Spain resumes controversial exhumations near Franco’s tomb
Work is under way to remove the remains of four Spanish Civil War victims from the complex in the Valley of the Fallen.
Preliminary technical work has resumed on exhuming the remains of four Spanish Civil War victims from a complex that pays homage to the late dictator Francisco Franco, Spanish heritage authorities said.
The four are believed to lie in crypts within the Valley of the Fallen, a controversial neoclassical mausoleum north-west of Madrid where thousands of victims from both sides of the 1936-1939 war are buried alongside Franco’s remains.
Franco presented the grandiose complex as a symbol for national reconciliation, but victims’ relatives and activists have been campaigning against it for years because they consider that it pays homage to the late dictator.
Some even took the issue to court, asking for the burial niches to be opened and remains to be handed over to victims’ families. They argued relatives were never informed about the burials and that Franco’s tomb in a prominent location by the basilica’s altar is an insult to the victims’ memory.
In a first, a judge in 2016 ordered the exhumation of the Lapena brothers, members of an unauthorised anarchist labour union who were executed without trial in 1936.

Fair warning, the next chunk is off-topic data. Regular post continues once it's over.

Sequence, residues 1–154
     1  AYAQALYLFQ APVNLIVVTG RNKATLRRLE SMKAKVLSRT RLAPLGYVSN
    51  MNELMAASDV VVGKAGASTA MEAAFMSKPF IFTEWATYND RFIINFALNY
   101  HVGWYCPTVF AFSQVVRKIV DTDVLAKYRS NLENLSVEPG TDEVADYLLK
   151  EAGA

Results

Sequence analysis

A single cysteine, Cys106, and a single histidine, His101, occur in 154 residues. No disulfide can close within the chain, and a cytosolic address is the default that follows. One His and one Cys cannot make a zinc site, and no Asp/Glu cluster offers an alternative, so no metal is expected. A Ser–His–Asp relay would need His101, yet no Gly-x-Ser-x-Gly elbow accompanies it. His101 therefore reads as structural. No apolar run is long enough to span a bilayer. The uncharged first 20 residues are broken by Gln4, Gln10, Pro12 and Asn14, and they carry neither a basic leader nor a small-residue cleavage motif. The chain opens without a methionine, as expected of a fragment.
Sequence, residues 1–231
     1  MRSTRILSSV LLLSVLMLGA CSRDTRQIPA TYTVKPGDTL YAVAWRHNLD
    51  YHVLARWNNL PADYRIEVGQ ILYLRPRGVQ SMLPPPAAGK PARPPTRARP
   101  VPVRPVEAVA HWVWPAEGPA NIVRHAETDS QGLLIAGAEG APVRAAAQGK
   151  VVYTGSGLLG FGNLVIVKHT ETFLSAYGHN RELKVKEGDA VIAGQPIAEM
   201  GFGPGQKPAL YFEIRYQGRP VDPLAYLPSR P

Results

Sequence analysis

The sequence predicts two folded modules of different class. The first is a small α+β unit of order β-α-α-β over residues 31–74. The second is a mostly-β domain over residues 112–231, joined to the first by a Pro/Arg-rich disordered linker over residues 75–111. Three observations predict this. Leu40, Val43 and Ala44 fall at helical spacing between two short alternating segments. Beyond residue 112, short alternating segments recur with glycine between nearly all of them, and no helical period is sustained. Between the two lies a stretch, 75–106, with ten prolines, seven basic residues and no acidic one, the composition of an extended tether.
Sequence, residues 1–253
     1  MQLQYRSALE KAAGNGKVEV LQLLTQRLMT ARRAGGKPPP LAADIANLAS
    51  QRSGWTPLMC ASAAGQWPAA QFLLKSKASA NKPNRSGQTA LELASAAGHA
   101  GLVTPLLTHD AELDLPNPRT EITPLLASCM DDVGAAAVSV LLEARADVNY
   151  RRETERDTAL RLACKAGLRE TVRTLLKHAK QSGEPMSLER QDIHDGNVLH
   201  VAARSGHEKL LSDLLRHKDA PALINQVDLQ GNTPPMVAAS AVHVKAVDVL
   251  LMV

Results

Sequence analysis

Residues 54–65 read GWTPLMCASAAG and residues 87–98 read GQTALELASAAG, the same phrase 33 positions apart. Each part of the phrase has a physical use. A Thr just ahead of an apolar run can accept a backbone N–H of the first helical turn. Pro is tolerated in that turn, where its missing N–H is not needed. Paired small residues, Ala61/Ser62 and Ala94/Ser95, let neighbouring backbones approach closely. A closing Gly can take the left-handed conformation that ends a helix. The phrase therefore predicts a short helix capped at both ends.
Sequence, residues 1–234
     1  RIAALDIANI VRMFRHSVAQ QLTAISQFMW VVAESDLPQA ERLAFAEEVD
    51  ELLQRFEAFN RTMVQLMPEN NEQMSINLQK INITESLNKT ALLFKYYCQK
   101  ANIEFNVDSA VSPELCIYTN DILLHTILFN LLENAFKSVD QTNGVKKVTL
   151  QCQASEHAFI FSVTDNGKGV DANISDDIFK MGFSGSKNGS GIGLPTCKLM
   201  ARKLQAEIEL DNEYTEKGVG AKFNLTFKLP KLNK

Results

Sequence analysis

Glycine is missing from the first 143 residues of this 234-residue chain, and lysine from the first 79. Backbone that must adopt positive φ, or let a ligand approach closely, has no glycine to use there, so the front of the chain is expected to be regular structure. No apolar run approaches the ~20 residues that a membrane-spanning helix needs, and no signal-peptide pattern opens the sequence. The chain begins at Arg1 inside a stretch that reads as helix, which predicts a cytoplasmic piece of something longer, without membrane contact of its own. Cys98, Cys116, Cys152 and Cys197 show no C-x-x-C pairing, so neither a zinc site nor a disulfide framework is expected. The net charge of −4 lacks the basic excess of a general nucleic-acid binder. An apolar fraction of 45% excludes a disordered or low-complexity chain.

But the basilica’s abbot stopped the preliminary work for their exhumation for nearly two years by appealing the judge’s decision, until top Catholic Church authorities ordered him earlier this year to comply with the judge’s ruling.
Spaniards will be witnesses of this historic day Lawyer Eduardo Ranz
Eduardo Ranz, the lawyer for Manuel and Antonio Lapena’s descendants, said that relatives of Pedro Gil and Juan Gonzalez, two soldiers who died fighting for Franco’s national army, have also requested their remains to be removed.
“Spaniards will be witnesses of this historic day,” the lawyer said of the work that started in the crypts on Monday. But he added that the final goal is for the relatives to be reunited with the deceased.
“That will be the end of the process, when the real reparation can finally be delivered.”
A team of architects needs to assess the state of the crypts and set the conditions under which the exhumation work can be performed, said a spokeswoman with Spain’s National Heritage administration.
She said it was uncertain how long the preliminary work could last.
A commission of experts looking into the future of the Valley of the Fallen recommended in 2011 that Franco’s remains should be removed from the basilica, but the experts left the final decision in the hands of the government.
A separate investigation also found that water leaks and dampness in chapels and crypts holding the remains of more than 33,000 war victims had turned some of the niches into “piles of bones”.